Stranger Triangles

So. Where to begin…there’s a lass called Emilie who regularly visits my shop and often engages me in dangerous conversations loaded with incitement and innuendo. It’s usually under cover of asking my advice about the latest man in her life, who she has discovered to be betraying her, enabling her faults, abusing her trust or otherwise simply being a bloke, as they may say. She has a seven year old child named Earnest, which sets certain alarm bells ringing in the dust choked cloisters of what you may describe as my mind.

But this isn’t about her. Or Earnest. It’s about her mum, Paula, who also regularly calls in to my shop to buy snacks to eat on her regular train journeys up to London, a place where she undertakes freelance employment of an undisclosed nature. Or so she has me believe. They’ve never yet been in together as far as I can tell, but I doubt that that means anything.

Just to set the scene. I have a mild case of the hots for Em. Em adores her mum. Mum, meanwhile, gets very flirty and saucy with me. An unconnected, non existent menage a trois, going nowhere on a slow burn. But Paula was going hard at it today. I was attempting to sort out her order. She insisted on making frequent interruptions.

“I do like your hair Graham.” she fluttered. I ignored her but couldn’t help a slight leer and wink in her general direction.

“You’ve got a bit of a silver quiff going on there. Nice.”  I realised that I’d better play along. Although there was quite a queue building up.

“To tell you the God’s honest, Paula, I’m over eight weeks from my last haircut. Richie over the road is well pissed off because the new girl who opened up two doors down last year has gained my patronage for my last two cuts. She’s sweet, she’s hot, she doesn’t gabble on for ever about shagging pensionable age cripples, and she gets my hair cut in ten minutes rather than Richie’s usual half hour. And she calls me darling, which I can’t imagine ever wanting Richie to ever do. But she’s been on holiday for the last couple of weeks leaving her sullen male assistant in sole charge. So I’m waiting for her to come back and if she doesn’t appear soon I’ll have to swallow my pride and plug my ears with cotton wool and go over to Richie’s place for a cut, but he’s hurting and I don’t want him hurting me, see? Hence the slightly bouffant style which I’m currently sporting, however reluctantly. See?” I stopped for breath. Paula looked hard into my eyes.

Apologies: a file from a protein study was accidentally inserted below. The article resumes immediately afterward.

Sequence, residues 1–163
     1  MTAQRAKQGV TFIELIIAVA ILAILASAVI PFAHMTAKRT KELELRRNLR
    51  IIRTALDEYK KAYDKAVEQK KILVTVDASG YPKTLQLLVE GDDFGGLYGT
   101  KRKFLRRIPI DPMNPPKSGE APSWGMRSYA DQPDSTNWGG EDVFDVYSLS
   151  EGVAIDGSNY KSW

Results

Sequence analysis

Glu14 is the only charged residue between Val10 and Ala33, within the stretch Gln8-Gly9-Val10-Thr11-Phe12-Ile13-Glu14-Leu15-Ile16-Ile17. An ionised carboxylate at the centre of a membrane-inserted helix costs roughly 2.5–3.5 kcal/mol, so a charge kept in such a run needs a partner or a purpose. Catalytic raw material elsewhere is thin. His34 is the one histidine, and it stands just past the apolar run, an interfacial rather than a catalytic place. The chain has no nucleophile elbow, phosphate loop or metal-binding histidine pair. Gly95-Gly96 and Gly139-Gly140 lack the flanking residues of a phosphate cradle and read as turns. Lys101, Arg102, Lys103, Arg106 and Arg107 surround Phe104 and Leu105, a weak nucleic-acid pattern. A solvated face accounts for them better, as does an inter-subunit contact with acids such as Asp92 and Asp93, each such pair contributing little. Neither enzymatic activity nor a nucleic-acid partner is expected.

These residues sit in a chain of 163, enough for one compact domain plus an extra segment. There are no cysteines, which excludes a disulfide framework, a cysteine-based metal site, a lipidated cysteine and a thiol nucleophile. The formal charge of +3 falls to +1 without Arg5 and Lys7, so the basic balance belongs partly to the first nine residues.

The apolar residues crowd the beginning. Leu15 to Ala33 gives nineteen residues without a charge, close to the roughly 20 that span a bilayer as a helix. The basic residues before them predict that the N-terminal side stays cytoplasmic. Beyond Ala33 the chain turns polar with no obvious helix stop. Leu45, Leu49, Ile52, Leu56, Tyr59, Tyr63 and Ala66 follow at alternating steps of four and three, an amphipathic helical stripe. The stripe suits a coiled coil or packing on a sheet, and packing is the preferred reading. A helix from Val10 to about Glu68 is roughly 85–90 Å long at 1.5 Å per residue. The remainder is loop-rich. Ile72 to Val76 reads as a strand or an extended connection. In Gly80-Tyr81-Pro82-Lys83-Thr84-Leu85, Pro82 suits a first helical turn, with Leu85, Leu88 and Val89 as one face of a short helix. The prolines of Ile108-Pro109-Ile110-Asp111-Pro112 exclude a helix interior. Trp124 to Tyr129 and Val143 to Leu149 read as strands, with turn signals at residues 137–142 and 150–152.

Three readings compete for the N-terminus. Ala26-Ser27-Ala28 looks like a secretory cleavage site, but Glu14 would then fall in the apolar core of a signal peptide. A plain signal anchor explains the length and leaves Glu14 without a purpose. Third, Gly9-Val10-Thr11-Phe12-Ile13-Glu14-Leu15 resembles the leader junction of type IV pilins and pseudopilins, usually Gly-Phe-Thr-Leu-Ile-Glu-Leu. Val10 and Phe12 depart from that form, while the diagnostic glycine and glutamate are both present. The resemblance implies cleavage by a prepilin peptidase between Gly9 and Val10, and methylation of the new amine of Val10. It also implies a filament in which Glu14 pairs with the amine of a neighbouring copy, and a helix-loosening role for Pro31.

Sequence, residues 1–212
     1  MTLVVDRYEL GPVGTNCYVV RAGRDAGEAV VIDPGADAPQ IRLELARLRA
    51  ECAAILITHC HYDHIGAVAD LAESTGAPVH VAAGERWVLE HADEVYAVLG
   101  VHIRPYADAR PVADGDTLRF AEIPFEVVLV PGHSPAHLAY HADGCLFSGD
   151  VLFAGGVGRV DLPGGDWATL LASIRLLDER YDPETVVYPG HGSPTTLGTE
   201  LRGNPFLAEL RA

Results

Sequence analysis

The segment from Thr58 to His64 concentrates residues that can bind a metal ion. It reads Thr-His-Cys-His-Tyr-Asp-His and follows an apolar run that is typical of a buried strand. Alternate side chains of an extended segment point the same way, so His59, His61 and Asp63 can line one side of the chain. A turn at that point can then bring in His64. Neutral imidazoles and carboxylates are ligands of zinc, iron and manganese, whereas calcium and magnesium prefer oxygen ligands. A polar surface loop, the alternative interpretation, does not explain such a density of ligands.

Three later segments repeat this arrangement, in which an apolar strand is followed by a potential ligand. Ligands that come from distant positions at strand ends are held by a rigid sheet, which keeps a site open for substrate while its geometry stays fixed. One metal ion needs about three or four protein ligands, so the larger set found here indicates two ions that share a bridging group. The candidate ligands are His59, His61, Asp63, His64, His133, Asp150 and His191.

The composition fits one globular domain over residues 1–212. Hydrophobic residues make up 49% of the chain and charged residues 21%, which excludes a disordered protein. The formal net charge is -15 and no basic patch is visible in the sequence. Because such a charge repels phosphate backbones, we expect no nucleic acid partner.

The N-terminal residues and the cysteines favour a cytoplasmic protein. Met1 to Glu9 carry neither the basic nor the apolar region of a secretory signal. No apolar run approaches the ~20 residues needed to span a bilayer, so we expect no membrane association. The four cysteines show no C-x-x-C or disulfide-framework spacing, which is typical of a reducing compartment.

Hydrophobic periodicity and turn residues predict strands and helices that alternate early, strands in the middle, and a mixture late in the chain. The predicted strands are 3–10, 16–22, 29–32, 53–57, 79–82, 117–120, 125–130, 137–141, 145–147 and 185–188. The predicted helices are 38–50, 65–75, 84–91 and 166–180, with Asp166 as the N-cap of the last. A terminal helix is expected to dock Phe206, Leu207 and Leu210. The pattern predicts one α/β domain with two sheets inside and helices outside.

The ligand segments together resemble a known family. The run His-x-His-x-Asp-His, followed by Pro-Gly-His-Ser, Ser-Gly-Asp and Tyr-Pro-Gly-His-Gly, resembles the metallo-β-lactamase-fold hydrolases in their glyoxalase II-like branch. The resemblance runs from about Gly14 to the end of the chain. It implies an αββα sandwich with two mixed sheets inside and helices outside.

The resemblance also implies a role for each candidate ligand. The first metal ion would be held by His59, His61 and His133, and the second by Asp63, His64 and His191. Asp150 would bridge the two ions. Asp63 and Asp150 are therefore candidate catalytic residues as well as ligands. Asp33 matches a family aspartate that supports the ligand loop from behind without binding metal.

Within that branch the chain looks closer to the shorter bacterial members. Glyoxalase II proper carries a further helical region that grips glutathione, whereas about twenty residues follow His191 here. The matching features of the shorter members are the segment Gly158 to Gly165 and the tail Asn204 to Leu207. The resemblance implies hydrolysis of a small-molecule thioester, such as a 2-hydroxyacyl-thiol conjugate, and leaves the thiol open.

“It’s a shame about your window.” Yes it is. Some vulnerable youth wearing an offensively loud tracksuit and baseball cap strode purposefully up the High Street at 3 a.m. yesterday taking hard kicks and punches at shop windows various and five in number, of which mine happened to be the largest and hence most expensive to replace. The overall effect is of a stream in a strong spring breeze, all curving lines and undulating glittering triangles. But no minnows or frogspawn.  It’s currently held together with copious amounts of sticky backed plastic whilst the glaziers source, cut and bevel an appropriate sized sheet.

It would have helped my fragile sense of well being today though if I had printed and posted on the shattered remains of  the window an A4 sheet of paper saying

Yes I know it’s broken.

No I don’t know who did it.

Yes it will cost a lot.

No, standard shop insurance

doesn’t cover it.


So that’s me, not the happiest person alive today. But problems, as I know only too well, are purely relative. And relatives can be problems. But that’s another tale.